• July 2013
  • Posted By Jesse Davicioni

Atopy is the term for a skin allergy. Any dog can get a skin allergy (although some breeds are predisposed to this condition). It is a lifelong condition, which cannot be cured, but managed.

The most common clinical signs of atopy are:

  • recurring ear infections
  • chronic itching at the belly
  • chewing at the paws

There are two forms of atopy, both conditions will show the same clinical presentation

  1. Allergy to external/internal allergens – (most commonly dust mites, but can be weeds, grasses, trees and others)
    • 80-90% of dogs suffering from atopy will be allergic to an external allergen
    • It most commonly afflicts dogs between 1-5 years of age
  2. Food allergy – dogs will become allergic to a food that they have been eating for months- years.
    • 10-20% of atopic dogs will have a food allergy
    • Dogs at any time of their life can get a food allergy
    • Food allergies are most commonly proteins (such as chicken, beef, fish, but can be proteins in grains (rice, wheat etc))

Some dogs will have a mixed allergy (food and internal/external allergens)


If your vet suspects your dog may be atopic there are number of treatments available

1. Apoquel (Octlacitinib)

Apoquel is a new drug, with no clinical side effects in most dogs.  Apoquel is a targeted drug which treats the allergy at the level of the skin receptors. It can be used to treat food allergies and atopy. The medication has a short life, so if not given daily, your dog will become itchy.

2. Cyclosporine

Cyclosporine Is an anti itch drug. It has no major long term side effects and is very effective at stopping the itch.The short term side effects of Atopica can be vomiting and stomach upset (for the first two weeks of treatment). It is advised to give an anti sick medication for the first two weeks (your vet may prescribe) and to give the medication on an empty stomach (2 hours before food usually).

80% of atopic dogs will respond to Cyclosporine

To see if Cyclosporine is an effective treatment for your dog it should be given for 2 months. After the 2 months period, approximately 25 % of dogs will need to be on atopica once daily , 50% every other day and 25% every 3 days

3. Immunotherapy

A blood test/intradermal skin test can be taken to see if your dog is allergic to external allergens (trees, grasses, weeds etc) or internal allergens (dust mites) (dogs allergic to external allergens will often be worse in the spring to autumn when the grasses/trees are in bloom and will exhibit little or no signs in the winter). If your dog is positive for external/internal allergens on the blood test (as well as the appropriate clinical presentation) then your vet may offer you an Immunovaccine.The vaccine is given for the rest of your dogs’ life. The idea behind the vaccine is to get your dogs’ immune system used to the allergen and thus stop having an allergic reaction to it.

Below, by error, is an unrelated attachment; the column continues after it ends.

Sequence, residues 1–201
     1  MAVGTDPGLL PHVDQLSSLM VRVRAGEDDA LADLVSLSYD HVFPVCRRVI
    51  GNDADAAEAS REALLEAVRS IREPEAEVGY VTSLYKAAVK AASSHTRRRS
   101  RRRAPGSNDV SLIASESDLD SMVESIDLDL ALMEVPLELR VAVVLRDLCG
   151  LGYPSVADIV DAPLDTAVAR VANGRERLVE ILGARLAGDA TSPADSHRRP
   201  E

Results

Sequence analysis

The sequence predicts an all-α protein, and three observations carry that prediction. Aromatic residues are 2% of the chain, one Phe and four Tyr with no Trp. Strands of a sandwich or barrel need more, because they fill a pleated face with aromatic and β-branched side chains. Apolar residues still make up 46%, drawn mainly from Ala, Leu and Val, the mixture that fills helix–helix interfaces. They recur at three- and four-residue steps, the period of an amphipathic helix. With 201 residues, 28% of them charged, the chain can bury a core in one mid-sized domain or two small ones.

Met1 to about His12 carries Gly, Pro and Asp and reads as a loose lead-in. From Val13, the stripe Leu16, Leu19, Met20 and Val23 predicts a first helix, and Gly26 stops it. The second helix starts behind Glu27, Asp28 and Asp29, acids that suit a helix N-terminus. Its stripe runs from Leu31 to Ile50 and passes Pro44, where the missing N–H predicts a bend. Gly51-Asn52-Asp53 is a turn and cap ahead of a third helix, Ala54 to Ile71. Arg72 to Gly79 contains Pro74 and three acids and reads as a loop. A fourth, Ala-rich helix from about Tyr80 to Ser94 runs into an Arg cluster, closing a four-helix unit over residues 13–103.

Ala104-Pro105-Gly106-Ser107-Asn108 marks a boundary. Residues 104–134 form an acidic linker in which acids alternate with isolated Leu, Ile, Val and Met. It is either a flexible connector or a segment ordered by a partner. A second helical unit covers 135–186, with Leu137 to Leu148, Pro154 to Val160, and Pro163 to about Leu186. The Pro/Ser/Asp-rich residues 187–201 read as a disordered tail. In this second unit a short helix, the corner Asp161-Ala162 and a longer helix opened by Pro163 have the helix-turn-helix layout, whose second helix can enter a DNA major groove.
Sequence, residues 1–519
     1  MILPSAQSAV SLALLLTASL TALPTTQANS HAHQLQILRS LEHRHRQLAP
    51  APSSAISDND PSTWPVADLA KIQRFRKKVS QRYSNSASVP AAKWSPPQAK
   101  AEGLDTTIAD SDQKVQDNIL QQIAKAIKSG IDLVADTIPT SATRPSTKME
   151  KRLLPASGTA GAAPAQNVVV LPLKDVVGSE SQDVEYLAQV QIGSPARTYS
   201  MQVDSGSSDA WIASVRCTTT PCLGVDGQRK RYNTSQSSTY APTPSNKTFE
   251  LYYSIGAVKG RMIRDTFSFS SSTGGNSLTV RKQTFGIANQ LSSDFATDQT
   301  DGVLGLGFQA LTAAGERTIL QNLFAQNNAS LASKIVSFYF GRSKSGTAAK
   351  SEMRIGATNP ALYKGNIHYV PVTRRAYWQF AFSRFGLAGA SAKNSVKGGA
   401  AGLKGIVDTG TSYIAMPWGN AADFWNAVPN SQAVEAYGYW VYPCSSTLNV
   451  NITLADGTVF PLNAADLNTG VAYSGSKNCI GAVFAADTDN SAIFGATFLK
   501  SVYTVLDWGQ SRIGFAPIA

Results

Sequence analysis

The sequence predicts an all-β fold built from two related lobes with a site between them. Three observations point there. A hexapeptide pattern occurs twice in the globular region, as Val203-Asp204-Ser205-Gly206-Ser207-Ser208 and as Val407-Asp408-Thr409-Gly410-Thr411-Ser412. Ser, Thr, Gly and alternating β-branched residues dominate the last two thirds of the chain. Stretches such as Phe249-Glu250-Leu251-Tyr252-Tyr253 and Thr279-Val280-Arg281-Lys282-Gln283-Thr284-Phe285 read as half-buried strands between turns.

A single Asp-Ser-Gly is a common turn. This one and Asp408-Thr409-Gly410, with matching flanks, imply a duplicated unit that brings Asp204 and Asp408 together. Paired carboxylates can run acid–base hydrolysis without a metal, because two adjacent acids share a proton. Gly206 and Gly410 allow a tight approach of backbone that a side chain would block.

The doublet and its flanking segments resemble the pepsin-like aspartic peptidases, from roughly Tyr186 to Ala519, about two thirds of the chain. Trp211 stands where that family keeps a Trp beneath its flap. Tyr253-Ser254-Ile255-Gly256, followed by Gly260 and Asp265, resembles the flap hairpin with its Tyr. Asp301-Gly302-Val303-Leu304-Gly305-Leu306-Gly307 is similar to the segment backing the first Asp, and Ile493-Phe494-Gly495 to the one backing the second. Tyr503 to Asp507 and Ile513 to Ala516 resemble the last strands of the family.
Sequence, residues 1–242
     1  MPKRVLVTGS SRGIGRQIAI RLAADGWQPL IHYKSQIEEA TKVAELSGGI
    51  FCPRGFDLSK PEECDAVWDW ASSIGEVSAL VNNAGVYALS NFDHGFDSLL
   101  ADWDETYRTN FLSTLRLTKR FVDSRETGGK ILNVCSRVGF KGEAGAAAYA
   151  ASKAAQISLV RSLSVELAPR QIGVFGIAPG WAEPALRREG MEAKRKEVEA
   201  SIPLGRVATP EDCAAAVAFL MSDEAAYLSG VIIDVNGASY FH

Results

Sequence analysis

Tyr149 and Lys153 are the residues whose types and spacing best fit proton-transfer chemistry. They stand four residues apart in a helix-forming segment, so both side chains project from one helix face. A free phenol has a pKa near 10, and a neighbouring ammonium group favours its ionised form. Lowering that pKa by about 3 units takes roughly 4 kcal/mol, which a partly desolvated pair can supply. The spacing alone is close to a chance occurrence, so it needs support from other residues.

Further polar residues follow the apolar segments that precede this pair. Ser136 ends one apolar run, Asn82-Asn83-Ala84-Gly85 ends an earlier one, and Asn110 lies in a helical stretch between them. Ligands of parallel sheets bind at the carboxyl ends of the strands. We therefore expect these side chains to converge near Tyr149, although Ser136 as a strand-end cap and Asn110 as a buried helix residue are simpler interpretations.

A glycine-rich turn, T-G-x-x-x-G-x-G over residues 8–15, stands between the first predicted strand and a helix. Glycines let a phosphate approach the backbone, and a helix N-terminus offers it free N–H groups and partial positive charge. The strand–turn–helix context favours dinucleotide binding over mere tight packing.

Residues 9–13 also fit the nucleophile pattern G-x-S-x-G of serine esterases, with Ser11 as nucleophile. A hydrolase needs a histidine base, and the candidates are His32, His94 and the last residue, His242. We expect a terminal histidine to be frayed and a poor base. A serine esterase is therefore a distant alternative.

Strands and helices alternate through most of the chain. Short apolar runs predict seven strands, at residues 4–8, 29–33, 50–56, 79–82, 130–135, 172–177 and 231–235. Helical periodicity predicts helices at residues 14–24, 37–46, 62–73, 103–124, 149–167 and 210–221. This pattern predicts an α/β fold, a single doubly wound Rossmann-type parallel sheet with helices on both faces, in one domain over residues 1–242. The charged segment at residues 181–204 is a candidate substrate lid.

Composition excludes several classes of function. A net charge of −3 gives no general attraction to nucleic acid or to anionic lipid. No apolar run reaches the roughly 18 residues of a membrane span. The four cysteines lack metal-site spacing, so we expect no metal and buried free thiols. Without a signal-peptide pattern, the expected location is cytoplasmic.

Immunotherapy must be given for 6 months to test its efficacy.

The response rate to immunotherapy in dogs is approx. 60-70%.

4. Corticosteroids (prednisolone)

Very effective at settling down the itchYour vet may prescribe corticosteroids (usually in a tapered, decreasing dose) to stop the itch.

Short term (over a few weeks, or occasional repeated treatments), prednisolone has few side effects (excessive drinking and urinating, hunger, tiredness)

The long term side effects of corticosteroids can be serious and can lead to :

  • Skin and urinary tract infections
  • Decreased immune system
  • Hormonal disease ‘cushings disease’ (which then may require treatment as well)

Thus, long term (a course usually longer than a few weeks) treatment of corticosteroids should be avoided.


Other less effective but useful treatments to help to bring the itch down are:

  1. Antihistamines
  2. Omega fatty acids – Viacutan (vet product) – helps to build a protective barrier to the skin.

These treatments are rarely helpful alone (but may help in mild cases) but are often given in conjunction to help keep the itch levels down. Changing the diet to Royal Canin Skin Care often helps to decrease the amount of medication required.

Food Allergy Diagnosis and Treatment

For dogs with a suspected food allergy, your vet may recommend a 8-12 week exclusive food trial.

You may be asked to give a special diet for 8-12 weeks exclusively.

During that time no treats can be given!

There are two types of diets that can be given to rule out a food allergy

  1. Purified protein diet (PPD) , a true allergen free diet (there are a few types we recommend)
  2. A novel protein your dog has never eaten (salmon and potato, venison etc)

It is difficult to cook a novel protein which your dog has never eaten for 8-12 weeks thus we generally do not recommend a novel protein diet for diagnosis of a food allergy.

We hope that gives you some insight to a very frustrating , life long condition. With the appropriate treatment our aim is to make this condition worry free and manageable!


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